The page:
TechCrunch redacted the names on the e-mail that the US Marshals Service sent around earlier. TechCrunch

The US Marshals Service is in charge of auctioning off almost 30,000 bitcoins that the federal government seized from Silk Road servers last year, and it had planned to do so in an anonymous auction this month. But that anonymity was compromised on Wednesday when the US Marshals Service accidentally revealed the names of several potential bidders by sending around an auction FAQ to a group of e-mail addresses that it placed in the CC field rather than in the BCC field.

As CoinDesk first reported, Lynzey Donahue, a US Marshals spokeswoman, said that “The message was not intended for any particular group of people, but for anyone who had e-mailed a question to the general mailbox to ask about the auction. Only recipient e-mail addresses were disclosed.” Donahue added that “The USMS apologizes for this mistake which was in no way intentional.” Although not everyone on the list is a potential bidder in the upcoming auction, TechCrunch shows the subject of the e-mail as “Bitcoin Auction Frequently Asked Questions,” so it’s safe to assume that at least some of the names on the list are likely interested in placing a bid.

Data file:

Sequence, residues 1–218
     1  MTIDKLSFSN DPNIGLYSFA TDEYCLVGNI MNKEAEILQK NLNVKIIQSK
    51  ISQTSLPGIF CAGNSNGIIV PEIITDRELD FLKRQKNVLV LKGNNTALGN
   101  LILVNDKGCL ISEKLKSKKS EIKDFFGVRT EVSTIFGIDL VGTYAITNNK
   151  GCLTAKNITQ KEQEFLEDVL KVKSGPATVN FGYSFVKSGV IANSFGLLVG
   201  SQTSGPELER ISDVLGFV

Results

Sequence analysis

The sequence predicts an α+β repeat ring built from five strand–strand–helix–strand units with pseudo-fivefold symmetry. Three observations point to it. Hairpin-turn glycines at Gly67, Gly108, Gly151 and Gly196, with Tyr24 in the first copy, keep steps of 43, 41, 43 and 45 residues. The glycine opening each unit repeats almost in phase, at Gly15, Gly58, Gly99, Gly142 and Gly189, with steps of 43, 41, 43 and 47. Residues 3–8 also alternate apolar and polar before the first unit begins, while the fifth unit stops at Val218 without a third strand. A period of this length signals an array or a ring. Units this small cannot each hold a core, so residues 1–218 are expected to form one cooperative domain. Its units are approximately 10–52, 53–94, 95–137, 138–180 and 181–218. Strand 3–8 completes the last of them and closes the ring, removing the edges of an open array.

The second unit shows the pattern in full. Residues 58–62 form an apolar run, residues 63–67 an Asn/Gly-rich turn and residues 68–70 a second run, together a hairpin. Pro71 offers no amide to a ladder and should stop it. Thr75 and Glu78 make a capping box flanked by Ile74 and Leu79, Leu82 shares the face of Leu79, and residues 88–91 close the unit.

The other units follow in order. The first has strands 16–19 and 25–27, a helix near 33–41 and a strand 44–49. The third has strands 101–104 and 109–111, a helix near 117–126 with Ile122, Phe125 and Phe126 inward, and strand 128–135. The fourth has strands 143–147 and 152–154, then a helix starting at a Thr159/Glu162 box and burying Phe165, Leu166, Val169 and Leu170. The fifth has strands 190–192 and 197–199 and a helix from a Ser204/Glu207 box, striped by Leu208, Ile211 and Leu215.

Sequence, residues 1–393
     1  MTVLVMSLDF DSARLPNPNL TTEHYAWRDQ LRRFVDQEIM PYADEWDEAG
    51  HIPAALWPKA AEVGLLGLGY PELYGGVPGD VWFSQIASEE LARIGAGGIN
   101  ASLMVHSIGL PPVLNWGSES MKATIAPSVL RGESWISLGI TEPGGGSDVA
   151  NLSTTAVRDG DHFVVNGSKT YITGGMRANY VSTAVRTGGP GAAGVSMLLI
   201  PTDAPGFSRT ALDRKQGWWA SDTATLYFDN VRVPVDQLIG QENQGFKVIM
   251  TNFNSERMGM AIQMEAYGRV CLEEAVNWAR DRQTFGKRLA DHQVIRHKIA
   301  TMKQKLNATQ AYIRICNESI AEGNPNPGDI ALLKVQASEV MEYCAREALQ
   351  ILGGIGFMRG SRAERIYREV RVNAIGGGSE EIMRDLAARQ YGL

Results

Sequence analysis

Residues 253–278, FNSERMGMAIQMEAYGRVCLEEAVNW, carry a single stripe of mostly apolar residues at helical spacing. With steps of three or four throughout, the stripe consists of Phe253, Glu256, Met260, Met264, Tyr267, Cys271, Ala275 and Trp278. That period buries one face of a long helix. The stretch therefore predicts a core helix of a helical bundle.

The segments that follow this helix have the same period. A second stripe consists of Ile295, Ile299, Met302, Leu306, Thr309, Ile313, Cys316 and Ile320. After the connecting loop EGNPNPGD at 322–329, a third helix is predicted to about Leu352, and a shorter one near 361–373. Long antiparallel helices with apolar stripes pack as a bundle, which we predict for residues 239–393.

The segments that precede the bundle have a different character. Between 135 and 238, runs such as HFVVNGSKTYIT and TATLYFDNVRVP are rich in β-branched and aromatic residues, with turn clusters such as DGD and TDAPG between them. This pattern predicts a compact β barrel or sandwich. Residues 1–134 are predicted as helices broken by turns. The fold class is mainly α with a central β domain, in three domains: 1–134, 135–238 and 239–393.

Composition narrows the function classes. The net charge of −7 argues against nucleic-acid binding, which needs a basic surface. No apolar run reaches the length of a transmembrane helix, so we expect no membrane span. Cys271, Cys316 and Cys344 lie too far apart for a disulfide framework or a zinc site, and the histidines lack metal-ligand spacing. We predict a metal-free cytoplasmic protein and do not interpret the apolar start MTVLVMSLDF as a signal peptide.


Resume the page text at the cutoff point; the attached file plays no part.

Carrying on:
The tens of thousands of bitcoins up for auction are currently worth around $18 million. The US Marshals hopes to auction off the bitcoins in several blocks.
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